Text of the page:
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Accessing The Benefits Of Music Therapy

Raising awareness about music therapy and providing greater access to its benefits is a key focus of Music Therapy Week 2024, running from 10 to 15 April throughout New Zealand.

Members of the CeleBRation Choir in Auckland

The theme of Music Therapy Week 2024 is "Looking Back Moving Forward”, which reflects the timeline and history of the profession and acknowledges the people working towards the growth of music therapy in New Zealand.

Enabling greater access to music therapy in New Zealand is important, says Auckland registered music therapist Alison Talmage. Although New Zealand’s population is low compared to many other countries, it is spread out.

“Many people living in rural areas can’t access services that are common in more densely populated cities,” Alison says. “We want to have registered music therapists available everywhere and remove financial and geographical barriers to our services.”

Serving diverse communities
Music therapy takes a flexible approach that fosters healing and personal growth for its participants, Alison says. It serves diverse communities and meets a range of different emotional, intellectual, physical and social needs.

Music is an engaging medium for most people of all ages and backgrounds, and participants of music therapy don't need previous musical training or experience.

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"Registered music therapists utilise a planned and intentional use of music to work towards the hopes, expectations and preferences of participants," Alison explains.

Currently undertaking her PhD at the University of Auckland, Alison says the focus of her thesis is on singing groups – or "neurological choirs" – for people with neurological conditions such as stroke, Parkinson's and dementia.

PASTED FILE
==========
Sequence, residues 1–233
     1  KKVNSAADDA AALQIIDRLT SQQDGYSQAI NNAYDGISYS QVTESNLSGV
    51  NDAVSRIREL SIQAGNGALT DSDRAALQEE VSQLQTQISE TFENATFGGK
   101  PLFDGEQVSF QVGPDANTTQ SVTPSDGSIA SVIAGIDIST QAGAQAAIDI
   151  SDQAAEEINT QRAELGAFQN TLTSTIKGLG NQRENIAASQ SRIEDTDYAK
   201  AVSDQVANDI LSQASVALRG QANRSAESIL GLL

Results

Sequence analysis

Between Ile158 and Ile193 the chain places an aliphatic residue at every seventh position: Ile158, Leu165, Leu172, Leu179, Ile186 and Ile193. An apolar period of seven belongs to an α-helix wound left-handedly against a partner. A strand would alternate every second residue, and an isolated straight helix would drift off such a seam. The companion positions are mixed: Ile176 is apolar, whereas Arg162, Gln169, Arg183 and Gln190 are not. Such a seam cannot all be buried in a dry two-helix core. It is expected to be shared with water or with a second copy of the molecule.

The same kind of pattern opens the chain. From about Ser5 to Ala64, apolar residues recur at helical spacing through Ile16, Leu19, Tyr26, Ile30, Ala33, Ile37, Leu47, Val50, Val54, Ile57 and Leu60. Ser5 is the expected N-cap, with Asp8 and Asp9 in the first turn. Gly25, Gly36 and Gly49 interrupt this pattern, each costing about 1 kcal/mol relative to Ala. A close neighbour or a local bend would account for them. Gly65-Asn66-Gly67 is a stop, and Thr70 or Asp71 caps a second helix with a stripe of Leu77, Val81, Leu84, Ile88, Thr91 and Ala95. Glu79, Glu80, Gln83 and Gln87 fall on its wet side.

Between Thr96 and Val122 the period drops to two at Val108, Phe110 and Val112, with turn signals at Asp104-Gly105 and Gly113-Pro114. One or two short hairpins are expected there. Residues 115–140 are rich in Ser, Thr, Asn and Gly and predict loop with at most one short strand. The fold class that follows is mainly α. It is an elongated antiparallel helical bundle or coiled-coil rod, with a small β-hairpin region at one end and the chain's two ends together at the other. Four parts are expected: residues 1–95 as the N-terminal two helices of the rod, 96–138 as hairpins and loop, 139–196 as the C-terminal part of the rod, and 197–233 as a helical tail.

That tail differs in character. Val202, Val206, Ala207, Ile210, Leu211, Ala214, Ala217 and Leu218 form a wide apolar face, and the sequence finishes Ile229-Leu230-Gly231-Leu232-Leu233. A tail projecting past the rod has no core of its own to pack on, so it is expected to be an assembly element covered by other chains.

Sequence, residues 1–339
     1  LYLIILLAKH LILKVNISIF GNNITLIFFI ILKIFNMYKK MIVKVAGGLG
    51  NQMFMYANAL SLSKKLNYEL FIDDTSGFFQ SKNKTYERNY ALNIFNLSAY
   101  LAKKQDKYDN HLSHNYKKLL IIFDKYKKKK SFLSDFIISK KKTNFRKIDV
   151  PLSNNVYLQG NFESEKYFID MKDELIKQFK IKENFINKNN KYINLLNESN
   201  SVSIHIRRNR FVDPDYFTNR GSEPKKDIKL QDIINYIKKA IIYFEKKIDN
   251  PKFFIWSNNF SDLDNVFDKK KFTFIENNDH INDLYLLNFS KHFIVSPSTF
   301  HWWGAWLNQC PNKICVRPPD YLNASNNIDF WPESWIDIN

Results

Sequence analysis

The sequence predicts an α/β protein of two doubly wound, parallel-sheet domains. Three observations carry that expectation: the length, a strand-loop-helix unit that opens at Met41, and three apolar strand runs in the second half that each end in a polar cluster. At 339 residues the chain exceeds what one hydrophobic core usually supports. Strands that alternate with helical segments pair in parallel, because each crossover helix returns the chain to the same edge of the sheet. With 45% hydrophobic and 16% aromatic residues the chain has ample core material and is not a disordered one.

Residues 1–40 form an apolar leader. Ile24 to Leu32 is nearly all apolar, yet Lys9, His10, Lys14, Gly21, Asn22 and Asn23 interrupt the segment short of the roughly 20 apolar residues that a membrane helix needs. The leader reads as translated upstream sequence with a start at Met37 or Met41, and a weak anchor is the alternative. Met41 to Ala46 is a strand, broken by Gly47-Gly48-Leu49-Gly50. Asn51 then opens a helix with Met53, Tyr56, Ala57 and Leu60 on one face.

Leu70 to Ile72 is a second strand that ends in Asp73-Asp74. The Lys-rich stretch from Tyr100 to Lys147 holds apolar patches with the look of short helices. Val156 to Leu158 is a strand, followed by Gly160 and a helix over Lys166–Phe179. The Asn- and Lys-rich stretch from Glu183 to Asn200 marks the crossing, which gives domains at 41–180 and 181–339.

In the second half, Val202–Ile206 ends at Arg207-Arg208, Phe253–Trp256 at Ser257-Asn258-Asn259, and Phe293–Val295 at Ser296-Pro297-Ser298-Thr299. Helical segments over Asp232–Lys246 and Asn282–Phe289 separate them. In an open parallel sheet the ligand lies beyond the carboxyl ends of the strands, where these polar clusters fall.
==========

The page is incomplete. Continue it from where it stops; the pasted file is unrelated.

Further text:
A handbook to guide music therapy practice
The main result of her PhD will be a handbook to guide her practice and support other choir leaders in using music therapy.

Alison co-founded the CeleBRation Choir in 2009 at the University of Auckland's Centre for Brain Research and then founded Sing Up Rodney in 2017 in Orewa. She has also worked with a diverse range of individuals in different settings such as schools, a music therapy centre and in private practice.

"The CeleBRation Choir sings regularly in rest homes and retirement villages,” she says. “Various participants help with things like managing the sign-in sheet, editing audio recordings and befriending new members."

Music therapy is both a deeply rewarding and challenging line of work. "The rewarding parts are the smiles on participants’ faces and supporting them to participate and work at things they find difficult,” Alison says.

“But limited public awareness and lack of funding remain constant challenges. Funding for people with disabilities or high health needs is precarious. For people ‘not in the know’ music therapy can seem like a frill rather than a valuable, evidence-based form of support.”

Fortunately, Alison says, the CeleBRation Choir is funded by philanthropic funding at the Centre for Brain Research. And she recently received a Music Therapy New Zealand grant to re-start the Sing Up Rodney group in Warkworth.